City Hall

Just Don't Call John Barr the "Graffiti Czar"

Sam's at City Hall for the council's Love Field briefing, but he got there in time for the 1:30 announcement of the city's new "graffiti czar," attorney John Barr. Only, Barr told Sam in their post-announcement chat, "Don't write that I'm a czar." Whoops. My bad.

Anyway. You remember Barr, right? He was profiled in The News two years back for having his staff paint over graffiti in his neck of North Oak Cliff, despite city officials insisting he too was breaking the law. Says Barr, who used to be Don Hill's campaign treasurer and who reps former FBI Agent Danny Defenbaugh in matters related to the Dallas County constables investigation, the city got off his back for a while but still wasn't entirely pleased with his do-gooding. Delia Jasso calls Barr "the rogue anti-graffiti guy" with good reason. Barr returns the compliment: "I've never seen a politician give a damn like she does."

Finally the city decided instead of fighting Barr, they'd ask him to lead the latest anti-graffiti initiative. He told Sam that 10 days ago, he got an out-of-nowhere call from Mayor Tom Leppert's chief of staff, Chris Heinbaugh, who asked if he'd take the gig. The attorney said sure. Said Leppert today, he wants newcomers to Dallas "to see a Dallas they've never seen before." Meaning, presumably, the one currently covered with graffiti?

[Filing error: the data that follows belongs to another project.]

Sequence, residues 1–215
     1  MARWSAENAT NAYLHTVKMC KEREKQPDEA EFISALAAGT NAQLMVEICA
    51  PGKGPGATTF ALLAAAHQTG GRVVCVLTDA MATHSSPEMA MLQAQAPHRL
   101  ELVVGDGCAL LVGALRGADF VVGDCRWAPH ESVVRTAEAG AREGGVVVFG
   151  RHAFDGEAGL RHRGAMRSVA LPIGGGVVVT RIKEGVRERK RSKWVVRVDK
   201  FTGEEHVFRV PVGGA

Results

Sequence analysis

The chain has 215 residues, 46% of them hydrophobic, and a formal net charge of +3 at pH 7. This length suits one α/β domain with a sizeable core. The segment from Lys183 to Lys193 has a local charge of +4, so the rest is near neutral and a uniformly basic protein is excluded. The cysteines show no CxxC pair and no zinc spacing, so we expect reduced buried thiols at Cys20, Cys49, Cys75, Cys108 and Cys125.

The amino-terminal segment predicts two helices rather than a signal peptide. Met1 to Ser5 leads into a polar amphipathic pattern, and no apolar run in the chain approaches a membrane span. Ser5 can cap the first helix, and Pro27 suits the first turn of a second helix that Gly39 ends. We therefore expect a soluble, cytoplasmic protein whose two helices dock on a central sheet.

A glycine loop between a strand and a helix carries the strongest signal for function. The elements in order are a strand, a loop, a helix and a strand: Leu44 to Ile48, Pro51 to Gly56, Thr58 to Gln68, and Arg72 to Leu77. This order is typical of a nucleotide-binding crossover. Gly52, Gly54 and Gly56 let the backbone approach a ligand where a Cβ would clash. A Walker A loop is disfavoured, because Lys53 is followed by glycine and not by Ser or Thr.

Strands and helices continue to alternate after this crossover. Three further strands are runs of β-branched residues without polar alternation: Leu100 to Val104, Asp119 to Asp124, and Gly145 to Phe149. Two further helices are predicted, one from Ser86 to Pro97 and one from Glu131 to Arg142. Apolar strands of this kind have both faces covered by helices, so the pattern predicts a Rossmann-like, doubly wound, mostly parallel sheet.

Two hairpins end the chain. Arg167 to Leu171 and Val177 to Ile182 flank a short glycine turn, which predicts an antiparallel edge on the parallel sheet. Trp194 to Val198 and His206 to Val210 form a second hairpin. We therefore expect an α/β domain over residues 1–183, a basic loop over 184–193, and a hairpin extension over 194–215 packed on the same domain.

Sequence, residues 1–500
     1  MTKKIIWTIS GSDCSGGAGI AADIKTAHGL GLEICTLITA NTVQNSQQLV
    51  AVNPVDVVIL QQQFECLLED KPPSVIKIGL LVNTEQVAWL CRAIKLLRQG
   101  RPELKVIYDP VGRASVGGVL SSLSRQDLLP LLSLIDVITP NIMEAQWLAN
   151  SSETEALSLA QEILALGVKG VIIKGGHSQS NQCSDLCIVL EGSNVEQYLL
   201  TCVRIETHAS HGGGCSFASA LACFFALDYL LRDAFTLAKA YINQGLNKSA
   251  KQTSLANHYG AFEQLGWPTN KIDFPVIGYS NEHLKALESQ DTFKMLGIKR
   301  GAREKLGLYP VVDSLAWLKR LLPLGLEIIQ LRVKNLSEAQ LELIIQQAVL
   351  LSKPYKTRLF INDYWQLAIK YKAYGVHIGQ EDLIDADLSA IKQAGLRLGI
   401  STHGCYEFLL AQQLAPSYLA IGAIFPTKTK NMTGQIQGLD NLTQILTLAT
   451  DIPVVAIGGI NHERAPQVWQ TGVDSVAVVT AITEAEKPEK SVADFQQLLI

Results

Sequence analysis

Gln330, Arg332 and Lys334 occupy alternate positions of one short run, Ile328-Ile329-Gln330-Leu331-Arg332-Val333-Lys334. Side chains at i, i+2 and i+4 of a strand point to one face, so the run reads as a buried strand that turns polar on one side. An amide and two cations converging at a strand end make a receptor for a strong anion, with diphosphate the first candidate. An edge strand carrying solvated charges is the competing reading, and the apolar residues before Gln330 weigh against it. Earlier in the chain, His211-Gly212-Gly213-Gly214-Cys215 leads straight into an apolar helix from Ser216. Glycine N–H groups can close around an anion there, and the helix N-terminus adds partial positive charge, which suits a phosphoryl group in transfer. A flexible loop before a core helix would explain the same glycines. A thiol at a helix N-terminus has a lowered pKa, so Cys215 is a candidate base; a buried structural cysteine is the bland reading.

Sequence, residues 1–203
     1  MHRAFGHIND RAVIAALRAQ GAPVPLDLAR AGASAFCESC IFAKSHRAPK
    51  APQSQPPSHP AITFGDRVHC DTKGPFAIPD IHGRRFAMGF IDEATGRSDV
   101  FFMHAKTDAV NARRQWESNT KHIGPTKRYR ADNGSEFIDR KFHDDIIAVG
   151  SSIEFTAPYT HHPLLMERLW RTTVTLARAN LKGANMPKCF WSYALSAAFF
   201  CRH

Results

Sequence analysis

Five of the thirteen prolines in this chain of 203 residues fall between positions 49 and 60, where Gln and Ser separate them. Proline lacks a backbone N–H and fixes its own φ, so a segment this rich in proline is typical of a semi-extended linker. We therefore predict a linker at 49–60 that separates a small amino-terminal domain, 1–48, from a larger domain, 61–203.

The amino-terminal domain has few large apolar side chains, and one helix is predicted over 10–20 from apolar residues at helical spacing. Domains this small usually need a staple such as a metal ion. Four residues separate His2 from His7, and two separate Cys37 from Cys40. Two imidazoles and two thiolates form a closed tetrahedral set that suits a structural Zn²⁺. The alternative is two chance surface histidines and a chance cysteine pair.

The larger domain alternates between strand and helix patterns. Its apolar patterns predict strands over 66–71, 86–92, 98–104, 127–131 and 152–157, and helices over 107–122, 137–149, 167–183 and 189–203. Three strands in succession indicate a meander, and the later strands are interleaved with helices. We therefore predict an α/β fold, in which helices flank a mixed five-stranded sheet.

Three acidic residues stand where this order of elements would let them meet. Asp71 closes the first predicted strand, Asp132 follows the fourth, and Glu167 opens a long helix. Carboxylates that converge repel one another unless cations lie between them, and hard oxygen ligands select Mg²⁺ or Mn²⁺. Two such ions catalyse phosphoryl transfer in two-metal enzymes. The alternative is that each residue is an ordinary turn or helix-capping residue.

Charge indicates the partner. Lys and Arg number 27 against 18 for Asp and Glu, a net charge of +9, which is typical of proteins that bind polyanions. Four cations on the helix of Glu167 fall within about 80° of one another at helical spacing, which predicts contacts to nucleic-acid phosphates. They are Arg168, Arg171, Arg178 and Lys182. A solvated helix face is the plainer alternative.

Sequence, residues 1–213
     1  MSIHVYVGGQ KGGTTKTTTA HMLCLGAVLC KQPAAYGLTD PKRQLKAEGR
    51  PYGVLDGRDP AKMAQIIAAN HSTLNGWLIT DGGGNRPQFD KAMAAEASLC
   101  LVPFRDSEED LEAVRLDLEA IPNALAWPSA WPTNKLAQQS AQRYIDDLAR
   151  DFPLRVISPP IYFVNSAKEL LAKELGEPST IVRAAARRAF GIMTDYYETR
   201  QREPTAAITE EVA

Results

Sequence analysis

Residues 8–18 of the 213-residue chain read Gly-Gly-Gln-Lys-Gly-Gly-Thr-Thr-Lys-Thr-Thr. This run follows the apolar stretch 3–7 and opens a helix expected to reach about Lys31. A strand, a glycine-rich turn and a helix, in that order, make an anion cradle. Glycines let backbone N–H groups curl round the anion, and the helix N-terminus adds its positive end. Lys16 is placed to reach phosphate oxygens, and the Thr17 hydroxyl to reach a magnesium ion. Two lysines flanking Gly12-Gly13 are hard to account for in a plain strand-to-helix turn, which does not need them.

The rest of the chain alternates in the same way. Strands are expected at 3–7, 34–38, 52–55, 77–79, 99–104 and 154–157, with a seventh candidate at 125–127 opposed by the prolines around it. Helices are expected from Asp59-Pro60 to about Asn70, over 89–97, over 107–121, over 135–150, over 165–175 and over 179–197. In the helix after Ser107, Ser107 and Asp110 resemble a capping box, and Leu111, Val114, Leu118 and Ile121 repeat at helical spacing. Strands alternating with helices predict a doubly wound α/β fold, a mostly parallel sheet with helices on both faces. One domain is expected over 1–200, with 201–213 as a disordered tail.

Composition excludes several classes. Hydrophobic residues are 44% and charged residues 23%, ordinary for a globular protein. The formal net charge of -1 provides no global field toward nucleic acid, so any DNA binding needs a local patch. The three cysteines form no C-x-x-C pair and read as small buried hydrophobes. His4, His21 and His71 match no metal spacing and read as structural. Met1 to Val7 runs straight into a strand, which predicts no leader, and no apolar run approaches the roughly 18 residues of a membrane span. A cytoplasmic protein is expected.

But Barr told Sam: He's not sure how he'll spend Mark Cuban's $100,000. Sam reports back that Barr's big thing is getting citizens to drive around with their own cans and buckets of paint to cover up graffiti wherever they see it (after they take pictures of the offending graffiti, of course). Because right now, Barr says, the city's not doing a terribly good job of going after scofflaws. Or, as he told Sam: "I don't think my mom or your mom needs to drive by and read 'Fuck you.' It's insulting." Rogue!

He says he'll likely ask other businesses to do what he's been doing since moving from downtown to Oak Cliff in '03 -- a so-called bucket brigade. As he told Sam, he wants people to take responsibility "and put a log on the campfire." Barr also wants to establish an area where graffiti is permitted, so taggers have a place to do their thing. Because, he said, truth is he's not sure eradicating graffiti is "an attainable goal." Which won't stop him from doing his damned best.

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Robert Wilonsky
Contact: Robert Wilonsky